Novavax Stock Is a Buy After This Overdone Sell-Off

Novavax (NASDAQ:NVAX) stock took a plunge in response to a recent Reuters article, but the selloff appears to be significantly overdone.

Flag with the Novavax (NVAX) logo waving in the wind with the American flag in the background
Source: rarrarorro /

Novavax continues making solid progress on getting its vaccine sold and approved.

Also worth noting is that I have recently seen new evidence indicating that some consumers still have misgivings about the dominant mRNA vaccines.

Just since my last article on NVAX stock was published on Jan. 21, there has been a meaningful amount of good news for Novavax.

On Jan. 31, the company finally completed the submission of its emergency use authorization (EUA) to the FDA.

On Feb. 3, the UK, with which the company has a deal to provide 60 million doses,  approved Novavax’s shot.

Israel also agreed to purchase 5 million doses from Novavax.

The U.S. showed further faith in Novavax’s jab, as Washington agreed to fund a trial of the impact of the company’s shot on teenagers.

A Closer Look at NVAX Stock

Although the Feb. 8 Reuters’ article reported that the company only had sent out a small fraction of its promised 2 billion shots for 2022 in the story’s opening paragraph, it clarified the statement later in the article.

The small distribution number had less to do with production than distribution issues that were beyond the company’s control. These included delayed approval from the WHO and European regulators as well as export caps on the Serum Institute of India, its regional partner.

Further, it’s many if not most of the delayed doses should be delivered after the regulatory hurdles are overcome and the Serum Institute gets its act together.

In fact, Holland’s health regulator said the doses promised to that country would be available in “early March,” suggesting that other EU nations may expect to receive doses of the shot around that time.

Meanwhile, a spokesperson for one of the organizations that run COVAX, which is distributing shots to developing nations, said the group expects shots it bought from Novavax to be delivered in the near term.

Reuters made much of the fact that the Phillipines is  renegotiating its contract and considering reducing its order from Novavax.

But lower orders from one country, when Novavax has orders from many nations for many hundred millions of shots — is not a major problem for NVAX stock.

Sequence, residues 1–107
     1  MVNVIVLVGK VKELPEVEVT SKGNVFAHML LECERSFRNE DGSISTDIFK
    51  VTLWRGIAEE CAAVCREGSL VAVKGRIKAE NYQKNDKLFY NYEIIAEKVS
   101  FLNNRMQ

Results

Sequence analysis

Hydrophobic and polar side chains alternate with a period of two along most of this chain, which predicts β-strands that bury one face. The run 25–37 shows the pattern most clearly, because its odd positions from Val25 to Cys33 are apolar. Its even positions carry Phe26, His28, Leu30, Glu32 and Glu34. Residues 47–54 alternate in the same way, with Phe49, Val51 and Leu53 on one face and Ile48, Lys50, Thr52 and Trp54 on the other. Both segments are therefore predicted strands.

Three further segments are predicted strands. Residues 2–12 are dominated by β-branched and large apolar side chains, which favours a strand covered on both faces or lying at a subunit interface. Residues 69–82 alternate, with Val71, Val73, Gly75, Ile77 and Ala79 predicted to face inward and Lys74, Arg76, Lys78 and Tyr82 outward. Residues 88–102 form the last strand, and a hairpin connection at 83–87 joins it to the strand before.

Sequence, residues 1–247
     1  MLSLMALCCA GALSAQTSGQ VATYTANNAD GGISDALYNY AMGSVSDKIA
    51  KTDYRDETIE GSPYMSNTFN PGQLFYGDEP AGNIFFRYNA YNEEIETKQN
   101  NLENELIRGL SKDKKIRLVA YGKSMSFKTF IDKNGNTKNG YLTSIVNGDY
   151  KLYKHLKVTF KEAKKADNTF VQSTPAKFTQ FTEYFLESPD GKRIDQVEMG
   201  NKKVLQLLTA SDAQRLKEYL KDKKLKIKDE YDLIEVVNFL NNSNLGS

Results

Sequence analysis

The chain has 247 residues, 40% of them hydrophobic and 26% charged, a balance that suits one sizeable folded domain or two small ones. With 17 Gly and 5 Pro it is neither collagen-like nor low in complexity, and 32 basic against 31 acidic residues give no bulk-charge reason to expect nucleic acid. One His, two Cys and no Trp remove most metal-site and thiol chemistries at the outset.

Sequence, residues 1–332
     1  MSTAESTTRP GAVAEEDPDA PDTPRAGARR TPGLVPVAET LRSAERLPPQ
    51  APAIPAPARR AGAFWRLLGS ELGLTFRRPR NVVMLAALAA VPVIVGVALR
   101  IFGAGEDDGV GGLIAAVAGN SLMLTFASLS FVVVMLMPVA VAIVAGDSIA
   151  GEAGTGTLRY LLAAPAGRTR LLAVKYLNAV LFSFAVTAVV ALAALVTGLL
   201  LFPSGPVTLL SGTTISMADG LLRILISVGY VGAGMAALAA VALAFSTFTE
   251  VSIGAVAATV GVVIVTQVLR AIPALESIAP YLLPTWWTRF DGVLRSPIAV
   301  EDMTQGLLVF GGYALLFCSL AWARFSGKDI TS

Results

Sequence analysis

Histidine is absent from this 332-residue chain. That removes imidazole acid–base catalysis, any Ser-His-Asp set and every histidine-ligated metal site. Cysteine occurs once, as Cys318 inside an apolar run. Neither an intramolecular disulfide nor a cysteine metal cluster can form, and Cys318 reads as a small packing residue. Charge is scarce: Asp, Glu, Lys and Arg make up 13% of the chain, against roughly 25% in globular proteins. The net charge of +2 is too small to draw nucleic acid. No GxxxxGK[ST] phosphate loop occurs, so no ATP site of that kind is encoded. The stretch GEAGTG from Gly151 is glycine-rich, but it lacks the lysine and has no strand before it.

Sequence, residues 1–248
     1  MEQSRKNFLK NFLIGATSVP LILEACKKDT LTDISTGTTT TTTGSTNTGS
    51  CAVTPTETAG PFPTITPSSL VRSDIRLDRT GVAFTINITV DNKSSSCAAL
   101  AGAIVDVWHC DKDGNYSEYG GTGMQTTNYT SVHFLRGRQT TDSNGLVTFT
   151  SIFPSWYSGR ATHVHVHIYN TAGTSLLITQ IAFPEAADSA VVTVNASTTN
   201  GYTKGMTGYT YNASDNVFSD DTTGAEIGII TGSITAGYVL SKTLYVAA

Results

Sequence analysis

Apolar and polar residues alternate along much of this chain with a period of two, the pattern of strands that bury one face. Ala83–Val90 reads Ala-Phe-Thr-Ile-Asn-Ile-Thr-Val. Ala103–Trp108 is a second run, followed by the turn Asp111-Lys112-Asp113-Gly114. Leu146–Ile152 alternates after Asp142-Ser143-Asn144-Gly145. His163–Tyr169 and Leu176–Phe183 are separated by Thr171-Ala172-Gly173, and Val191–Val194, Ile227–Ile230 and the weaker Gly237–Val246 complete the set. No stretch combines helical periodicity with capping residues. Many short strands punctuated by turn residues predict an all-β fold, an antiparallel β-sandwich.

In my view, the 14% drop in the shares, as of mid-afternoon trading on Feb. 8, was way overdone, especially considering that the decline left the shares more than 70% below their 52-week high.

Some investors must agree, as the stock bounced back slightly, trading above $85 after touching $80 before yesterday’s close.

More Signs of Wariness About the mRNA Shots

Evidence that some consumers remain nervous about the mRNA vaccines, made by Pfizer (NYSE:PFE) and Moderna (NASDAQ:MRNA), continue to mount.

On Feb. 8, Pfizer, a maker of one of the mRNA vaccines, reported Q4 revenue that was below analysts’ mean prediction and provided 2022 guidance that came in below analysts’ average outlook.

As of Feb. 6, only about 65% of Americans were fully vaccinated. Given these signs of skepticism about the mRNA shots, Novavax’s jab, which is based on older, more proven technology, can generate a great deal of revenue for the company.

The Bottom Line on NVAX Stock

Novavax is still making progress on getting its vaccine approved and sold.

While the distribution of the company’s vaccine has been hindered by bureaucratic and technical issues, hundreds of millions of the shots look destined to arrive at their destinations sooner than later.

Finally, multiple signs indicate that there will be strong demand for the jab in developed countries.

In light of these points, I recommend that investors buy NVAX stock on weakness.

On the date of publication, Larry Ramer held a long position in NVAX stock. 

Larry Ramer has conducted research and written articles on U.S. stocks for 14 years. He has been employed by The Fly and Israel’s largest business newspaper, Globes. Larry began writing columns for InvestorPlace in 2015.  Among his highly successful, contrarian picks have been GE, solar stocks, and Snap. You can reach him on StockTwits at @larryramer.

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